The Countdown
to REAL ID

Travel insights from VAX VacationAccess

In less than one year, travel identification used for domestic flights must be REAL ID compliant. Your clients may be ready, depending on the state they live in. But it never hurts to be 100% sure.

What's the deal with REAL ID?

The REAL ID Act was passed by Congress in 2005 based on the recommendation from the 9/11 Commission to prevent fraudulent issuance and use of driver's licenses and identification cards and to further ensure the safety and security of Americans. The Act establishes minimum security standards for state-issued driver's licenses and ID cards and prohibits Federal agencies (like the TSA) from accepting licenses and ID cards that do not meet these standards.

The goal of REAL ID is to make the issuing and use of driver’s licenses and other state-issued ID cards more secure and less prone to fraud.

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When will this affect travelers?

The January 22, 2018 deadline is less than one year away. So on January 23, 2018, if your client doesn’t have a REAL ID compliant driver’s license and they’re planning to fly from Dallas to Chicago, they’ll need to show an alternative form of acceptable ID to get through security. This can be:

  • U.S. passport
  • U.S. passport card
  • DHS trusted traveler cards (Global Entry, NEXUS, SENTRI, FAST)
  • U.S. military ID (active duty or retired military and their dependents, and DoD civilians)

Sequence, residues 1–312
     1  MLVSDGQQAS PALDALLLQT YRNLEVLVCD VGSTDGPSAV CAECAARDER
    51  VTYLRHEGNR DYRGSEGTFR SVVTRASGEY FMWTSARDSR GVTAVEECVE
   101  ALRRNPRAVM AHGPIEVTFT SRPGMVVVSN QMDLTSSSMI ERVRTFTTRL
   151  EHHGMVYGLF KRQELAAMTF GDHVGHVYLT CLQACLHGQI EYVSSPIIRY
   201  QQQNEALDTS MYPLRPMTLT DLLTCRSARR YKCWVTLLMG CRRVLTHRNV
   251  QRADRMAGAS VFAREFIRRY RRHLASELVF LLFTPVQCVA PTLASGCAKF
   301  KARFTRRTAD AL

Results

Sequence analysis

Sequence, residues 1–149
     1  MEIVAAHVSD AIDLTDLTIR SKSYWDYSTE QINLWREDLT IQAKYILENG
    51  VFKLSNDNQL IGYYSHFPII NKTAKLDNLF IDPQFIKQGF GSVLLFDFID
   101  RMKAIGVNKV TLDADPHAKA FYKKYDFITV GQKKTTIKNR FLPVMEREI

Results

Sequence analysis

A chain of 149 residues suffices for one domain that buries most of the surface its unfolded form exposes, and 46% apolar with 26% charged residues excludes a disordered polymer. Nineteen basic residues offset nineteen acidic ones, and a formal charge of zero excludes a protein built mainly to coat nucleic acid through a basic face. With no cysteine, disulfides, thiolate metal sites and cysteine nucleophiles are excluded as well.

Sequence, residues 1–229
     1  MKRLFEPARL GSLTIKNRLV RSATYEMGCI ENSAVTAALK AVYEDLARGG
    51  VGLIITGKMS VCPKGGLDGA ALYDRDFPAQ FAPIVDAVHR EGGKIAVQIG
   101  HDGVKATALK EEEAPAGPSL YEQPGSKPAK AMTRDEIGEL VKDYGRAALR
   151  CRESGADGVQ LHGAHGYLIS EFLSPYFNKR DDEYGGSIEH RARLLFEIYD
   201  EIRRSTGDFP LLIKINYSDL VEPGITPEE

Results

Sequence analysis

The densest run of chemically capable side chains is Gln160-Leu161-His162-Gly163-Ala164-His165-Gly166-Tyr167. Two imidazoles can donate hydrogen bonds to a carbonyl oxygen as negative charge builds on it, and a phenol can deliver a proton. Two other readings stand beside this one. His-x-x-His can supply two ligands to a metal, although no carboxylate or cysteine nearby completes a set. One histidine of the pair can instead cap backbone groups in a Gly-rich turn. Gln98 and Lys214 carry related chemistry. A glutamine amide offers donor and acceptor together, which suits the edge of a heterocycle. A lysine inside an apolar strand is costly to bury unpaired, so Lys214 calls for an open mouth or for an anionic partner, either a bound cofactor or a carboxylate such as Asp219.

There are a few additional types of acceptable ID, and those are listed on the TSA’s website.

If a traveler cannot provide alternative acceptable ID, they won’t be allowed to pass through the security checkpoint. Imagine the frustration this could cause if your client is all the way at the airport, luggage in hand, only to be turned away for improper ID.

The next deadline to know is October 1, 2020. That’s when every domestic air traveler must show a REAL ID compliant license or another form of ID in order to fly.

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What states have compliant IDs?

Most states are already issuing REAL ID compliant IDs. To check what your state is up to, the Department of Homeland Security (DHS) has a color-coded map to make it easy. Green means the state is compliant, yellow means they got an extension to become compliant and red means they’re not compliant. Click on your state to find more details and deadlines.

If your client isn’t sure if their ID is compliant, there are a few ways to tell. DHS recommends that states adopt a general design marking to show compliance. The initial recommendation is a gold star, but it can vary by color, lettering and/or format. Kentucky, for example, adds a white star in a gold circle in the upper right corner of compliant IDs. But Wisconsin got creative – some compliant IDs have a gold star and some have a black one.

VAX’s REAL ID resource page has more facts and links to give you the answers you need when your clients come to you with questions.

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